The most important piece of news on the energy front isn’t the plunge in oil prices, but the progress that is being made in battery technology. A new study in Nature Climate Change, by Bjorn Nykvist and Mans Nilsson of the Stockholm Environment Institute, shows that electric vehicle batteries have been getting cheaper much faster than expected. From 2007 to 2011, average battery costs for battery-powered electric vehicles fell by about 14 percent a year. For the leading electric vehicle makers, Tesla and Nissan, costs fell by 8 percent a year. This astounding decline puts battery costs right around the level that the International Energy Agency predicted they would reach in 2020. We are six years ahead of the curve. It’s a bit hard to read, but here is the graph from the paper:
This puts the electric vehicle industry at a very interesting inflection point. Back in 2011, McKinsey & Co. made a chart showing which kind of vehicle would be the most economical at various prices for gasoline and batteries:
Looking at this graph, we can see the incredible progress made just since 2011. Battery prices per kilowatt-hour have fallen from about $550 when the graph was made to about $450 now. For Tesla and Nissan, the gray rectangle (which represents current prices) is even farther to the left, to about the $300 range, where the economics really starts to change and battery-powered vehicles become feasible.
But in the past year, the price of gasoline has fallen as well, and is now in the $2.50 range even in expensive markets. A glut of oil, and a possible thaw in U.S.-Iran relations, have moved the gray rectangle down into the dark blue area where internal combustion engines reign supreme.
Still, if battery prices keep falling, the gray rectangle will keep moving to the left. The Swedish researchers believe that Tesla’s new factories will be able to achieve the 30 percent cost reduction the company promises, simply from economies of scale and incremental improvements in the manufacturing process. That, combined with a rebound in gas prices to the $3 range, would be enough to make battery-powered vehicles an economic alternative to internal combustion vehicles in most regions.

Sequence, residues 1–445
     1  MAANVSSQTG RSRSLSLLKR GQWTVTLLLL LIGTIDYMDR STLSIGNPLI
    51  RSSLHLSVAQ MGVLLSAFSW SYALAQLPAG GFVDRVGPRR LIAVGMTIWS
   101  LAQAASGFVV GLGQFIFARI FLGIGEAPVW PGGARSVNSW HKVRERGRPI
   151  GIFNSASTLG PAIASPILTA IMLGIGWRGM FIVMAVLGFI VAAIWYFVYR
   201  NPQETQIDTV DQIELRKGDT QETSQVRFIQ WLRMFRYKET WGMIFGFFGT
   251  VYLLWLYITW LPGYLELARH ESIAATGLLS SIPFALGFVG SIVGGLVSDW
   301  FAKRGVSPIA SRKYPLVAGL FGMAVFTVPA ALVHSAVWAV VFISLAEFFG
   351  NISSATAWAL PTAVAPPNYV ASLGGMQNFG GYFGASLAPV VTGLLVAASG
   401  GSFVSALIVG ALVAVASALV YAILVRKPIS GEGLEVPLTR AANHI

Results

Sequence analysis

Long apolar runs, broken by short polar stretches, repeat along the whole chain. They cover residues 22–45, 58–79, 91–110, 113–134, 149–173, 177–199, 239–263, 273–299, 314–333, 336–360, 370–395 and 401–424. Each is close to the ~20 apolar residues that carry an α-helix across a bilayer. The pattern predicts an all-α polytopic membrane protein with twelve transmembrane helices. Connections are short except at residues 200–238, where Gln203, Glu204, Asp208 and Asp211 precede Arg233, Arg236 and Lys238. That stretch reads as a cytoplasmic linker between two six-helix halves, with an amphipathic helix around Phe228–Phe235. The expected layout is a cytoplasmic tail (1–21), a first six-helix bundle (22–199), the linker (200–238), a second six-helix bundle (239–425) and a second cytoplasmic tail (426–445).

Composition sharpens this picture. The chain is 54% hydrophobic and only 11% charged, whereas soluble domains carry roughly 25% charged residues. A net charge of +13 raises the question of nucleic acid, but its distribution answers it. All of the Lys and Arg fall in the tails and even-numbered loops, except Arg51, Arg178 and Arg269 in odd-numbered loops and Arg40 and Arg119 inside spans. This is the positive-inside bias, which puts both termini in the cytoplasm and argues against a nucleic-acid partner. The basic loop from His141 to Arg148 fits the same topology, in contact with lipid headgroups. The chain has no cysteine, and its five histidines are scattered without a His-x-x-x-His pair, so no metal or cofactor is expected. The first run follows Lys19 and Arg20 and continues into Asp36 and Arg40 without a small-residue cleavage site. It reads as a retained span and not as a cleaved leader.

But this isn’t the only piece of good energy news. Investment in renewable energy is powering ahead.
The United Nations Environment Programme recently released a report showing that global investment in renewable energy, which had dipped a bit between 2011 and 2013, rebounded in 2014 to a near all-time high of $270 billion. But the report also notes that since renewable costs — especially solar costs — are falling so fast, the amount of renewable energy capacity added in 2014 was easily an all-time high. China, the U.S. and Japan are leading the way in renewable investment. Renewables went from 8.5 percent to 9.1 percent of global electricity generation just in 2014.
That’s still fairly slow in an absolute sense. Adding 0.6 percentage point a year to the renewable share would mean the point where renewables take half of the electricity market wouldn’t come until after 2080. But as solar costs fall, we can expect that shift to accelerate. In particular, forecasts are for solar to become the cheapest source of energy — at least when the sun is shining — in many parts of the world in the 2020s.
Each of these trends — cheaper batteries and cheaper solar electricity — is good on its own, and on the margin will help to reduce our dependence on fossil fuels, with all the geopolitical drawbacks and climate harm they entail. But together, the two cost trends will add up to nothing less than a revolution in the way humankind interacts with the planet and powers civilization.
You see, the two trends reinforce each other. Cheaper batteries mean that cars can switch from gasoline to the electrical grid. But currently, much of the grid is powered by coal. With cheap solar replacing coal at a rapid clip, that will be less and less of an issue. As for solar, its main drawback is intermittency. But with battery costs dropping, innovative manufacturers such as Tesla will be able to make cheap batteries for home electricity use, allowing solar power to run your house 24 hours a day, 365 days a year.
So instead of thinking of solar and batteries as two independent things, we should think of them as one single unified technology package. Solar-plus-batteries is set to begin a dramatic transformation of human civilization. The transformation has already begun, but will really pick up steam during the next decade. That is great news, because cheap energy powers our economy, and because clean energy will help stop climate change.
Of course, skeptics and opponents of the renewable revolution continue to downplay these remarkable developments. The takeoff of solar-plus-batteries has only begun to ramp up the exponential curve, and market shares are still small. But it has begun, and it doesn’t look like we’re going back.
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